A California elementary school screened the Disney classic The Lion King to raise money and wound up having to give about a third of their fundraising haul — $250 — to a licensing company for “illegally” screening the movie, CNN reports.
Emerson Elementary School in Berkeley decided to host a “Parents’ Night Out” fundraiser and screened the recent live-action remake of the classic Disney animated hit. In the process, the Parent Teacher Association (PTA) raised about $800.
Actually, they raised $550 after being told they were required to pay a $250 fee to a third-party licensing company they (the school) didn’t know they needed to pay.
Specifically, the PTA got an email from Movie Licensing USA, a sort of clearinghouse for managing broadcast rights to movies, and one of its clients is the Walt Disney Company.
“Any time movies are shown without the proper license, copyright law is violated and the entity showing the movie can be fined by the studios. If a movie is shown for any entertainment reason — even in the classroom, it is required by law that the school obtains a Public Performance license,” the email stated.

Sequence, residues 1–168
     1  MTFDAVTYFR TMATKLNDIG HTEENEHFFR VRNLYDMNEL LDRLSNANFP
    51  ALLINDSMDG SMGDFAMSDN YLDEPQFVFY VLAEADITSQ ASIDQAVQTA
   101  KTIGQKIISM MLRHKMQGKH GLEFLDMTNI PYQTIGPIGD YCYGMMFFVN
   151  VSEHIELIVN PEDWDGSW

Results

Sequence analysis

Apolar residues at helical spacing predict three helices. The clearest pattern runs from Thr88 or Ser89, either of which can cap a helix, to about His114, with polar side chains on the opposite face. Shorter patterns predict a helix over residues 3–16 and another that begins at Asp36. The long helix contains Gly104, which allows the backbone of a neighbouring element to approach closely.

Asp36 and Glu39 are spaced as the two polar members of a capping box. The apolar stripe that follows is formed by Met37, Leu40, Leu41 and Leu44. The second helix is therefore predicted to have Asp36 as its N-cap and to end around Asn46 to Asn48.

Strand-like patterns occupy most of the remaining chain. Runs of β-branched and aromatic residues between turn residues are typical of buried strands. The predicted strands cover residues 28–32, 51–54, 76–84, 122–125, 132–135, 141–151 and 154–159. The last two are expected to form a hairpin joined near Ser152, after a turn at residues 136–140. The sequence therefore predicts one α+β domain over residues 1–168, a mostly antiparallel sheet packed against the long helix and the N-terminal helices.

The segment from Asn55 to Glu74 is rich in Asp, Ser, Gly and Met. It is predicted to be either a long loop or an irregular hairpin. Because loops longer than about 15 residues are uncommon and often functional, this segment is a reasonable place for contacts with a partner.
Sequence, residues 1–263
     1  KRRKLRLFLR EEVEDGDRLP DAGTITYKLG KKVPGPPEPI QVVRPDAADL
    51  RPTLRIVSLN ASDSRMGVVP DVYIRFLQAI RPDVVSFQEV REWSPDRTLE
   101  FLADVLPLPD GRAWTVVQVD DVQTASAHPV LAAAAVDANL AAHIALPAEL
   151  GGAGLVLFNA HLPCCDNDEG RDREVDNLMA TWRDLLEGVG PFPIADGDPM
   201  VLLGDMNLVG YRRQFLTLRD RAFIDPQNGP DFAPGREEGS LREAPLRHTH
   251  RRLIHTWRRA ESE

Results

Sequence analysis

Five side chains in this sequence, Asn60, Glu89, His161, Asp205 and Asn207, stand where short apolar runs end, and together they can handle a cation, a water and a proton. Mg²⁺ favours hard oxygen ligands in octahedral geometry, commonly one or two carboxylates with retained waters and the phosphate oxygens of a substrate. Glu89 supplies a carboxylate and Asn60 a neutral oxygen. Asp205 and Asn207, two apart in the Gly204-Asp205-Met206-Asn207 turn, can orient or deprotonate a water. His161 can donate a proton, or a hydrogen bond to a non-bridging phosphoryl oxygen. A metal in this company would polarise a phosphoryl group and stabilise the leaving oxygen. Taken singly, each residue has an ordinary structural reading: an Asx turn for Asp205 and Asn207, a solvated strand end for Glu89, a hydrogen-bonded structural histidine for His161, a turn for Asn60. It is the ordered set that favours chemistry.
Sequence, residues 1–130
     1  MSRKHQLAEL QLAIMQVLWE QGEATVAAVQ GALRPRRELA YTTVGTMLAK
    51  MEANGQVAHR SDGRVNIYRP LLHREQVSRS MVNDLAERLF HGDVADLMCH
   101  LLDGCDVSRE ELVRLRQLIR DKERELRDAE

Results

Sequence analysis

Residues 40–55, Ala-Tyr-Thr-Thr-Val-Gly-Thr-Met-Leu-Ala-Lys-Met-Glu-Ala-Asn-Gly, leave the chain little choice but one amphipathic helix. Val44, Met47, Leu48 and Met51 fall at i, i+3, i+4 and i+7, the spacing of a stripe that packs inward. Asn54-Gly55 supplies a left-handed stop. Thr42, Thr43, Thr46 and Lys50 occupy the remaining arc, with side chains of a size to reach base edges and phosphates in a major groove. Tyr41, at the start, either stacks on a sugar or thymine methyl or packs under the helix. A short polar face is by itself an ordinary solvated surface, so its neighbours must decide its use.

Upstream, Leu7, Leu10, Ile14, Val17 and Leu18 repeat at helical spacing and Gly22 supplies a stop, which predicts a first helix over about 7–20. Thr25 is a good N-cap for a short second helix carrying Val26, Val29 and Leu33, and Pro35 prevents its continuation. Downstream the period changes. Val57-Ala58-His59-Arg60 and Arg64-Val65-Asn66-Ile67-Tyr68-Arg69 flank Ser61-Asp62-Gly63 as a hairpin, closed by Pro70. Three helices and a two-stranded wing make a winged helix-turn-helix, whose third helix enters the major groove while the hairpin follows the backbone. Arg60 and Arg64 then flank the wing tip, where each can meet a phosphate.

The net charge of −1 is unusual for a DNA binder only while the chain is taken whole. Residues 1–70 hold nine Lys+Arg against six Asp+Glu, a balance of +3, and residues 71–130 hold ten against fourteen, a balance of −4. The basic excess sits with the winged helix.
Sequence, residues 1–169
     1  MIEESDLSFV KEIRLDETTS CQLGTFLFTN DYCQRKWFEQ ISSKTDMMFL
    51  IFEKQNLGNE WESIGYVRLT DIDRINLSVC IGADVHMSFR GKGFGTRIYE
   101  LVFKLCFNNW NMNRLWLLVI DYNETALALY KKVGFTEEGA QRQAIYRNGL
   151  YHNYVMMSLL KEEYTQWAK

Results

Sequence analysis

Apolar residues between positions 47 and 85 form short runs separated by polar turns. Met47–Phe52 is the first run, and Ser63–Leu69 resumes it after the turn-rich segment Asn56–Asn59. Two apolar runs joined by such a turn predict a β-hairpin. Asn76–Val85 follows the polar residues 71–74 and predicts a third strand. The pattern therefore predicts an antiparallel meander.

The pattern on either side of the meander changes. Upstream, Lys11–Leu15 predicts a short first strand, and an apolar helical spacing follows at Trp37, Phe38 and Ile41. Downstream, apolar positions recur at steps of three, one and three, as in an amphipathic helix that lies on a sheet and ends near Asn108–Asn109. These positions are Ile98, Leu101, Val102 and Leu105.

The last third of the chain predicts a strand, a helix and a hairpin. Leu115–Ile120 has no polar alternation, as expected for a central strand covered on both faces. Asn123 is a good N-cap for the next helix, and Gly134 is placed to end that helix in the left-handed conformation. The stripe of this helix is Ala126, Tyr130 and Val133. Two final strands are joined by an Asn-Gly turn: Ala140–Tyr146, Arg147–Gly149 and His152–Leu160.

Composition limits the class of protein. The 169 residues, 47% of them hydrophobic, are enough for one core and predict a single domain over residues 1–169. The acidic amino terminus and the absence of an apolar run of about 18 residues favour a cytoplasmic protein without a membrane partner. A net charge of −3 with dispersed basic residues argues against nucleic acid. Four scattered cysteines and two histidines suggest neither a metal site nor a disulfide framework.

Further, according to the email, the school owed the company $250 for the license they didn’t acquire before screening the movie.
PTA President David Rose was aghast.
“One of the dads bought the movie at Best Buy. He owned it. We literally had no idea we were breaking any rules,” he said.
It’s unclear, as of this writing, how the “illegal” screening of the movie was brought to the attention of the licensing agency.
And as for the PTA, Rose says that they will “somewhat begrudgingly” pay the fee.
Meanwhile, some of the parents at Emerson are noting the juxtaposition of Disney’s eagerness to get their hands on a relatively trivial amount of money, while at the same time accusing the company of not paying their fair share of taxes in California.
Parent Lori Droste says that California property taxes are earmarked for education funding. But Disney’s property tax rates are based on 40-year-old assessments, and Droste says that they’re not paying their fair share.
“Because of that, our schools are now extremely underfunded. We went from the ’70s being among the top education systems in the US to one of the lowest,” she said.
Meanwhile, a handful of donors has kicked in some money to the PTA to help make up for the money they lost to having to pay a licensing fee.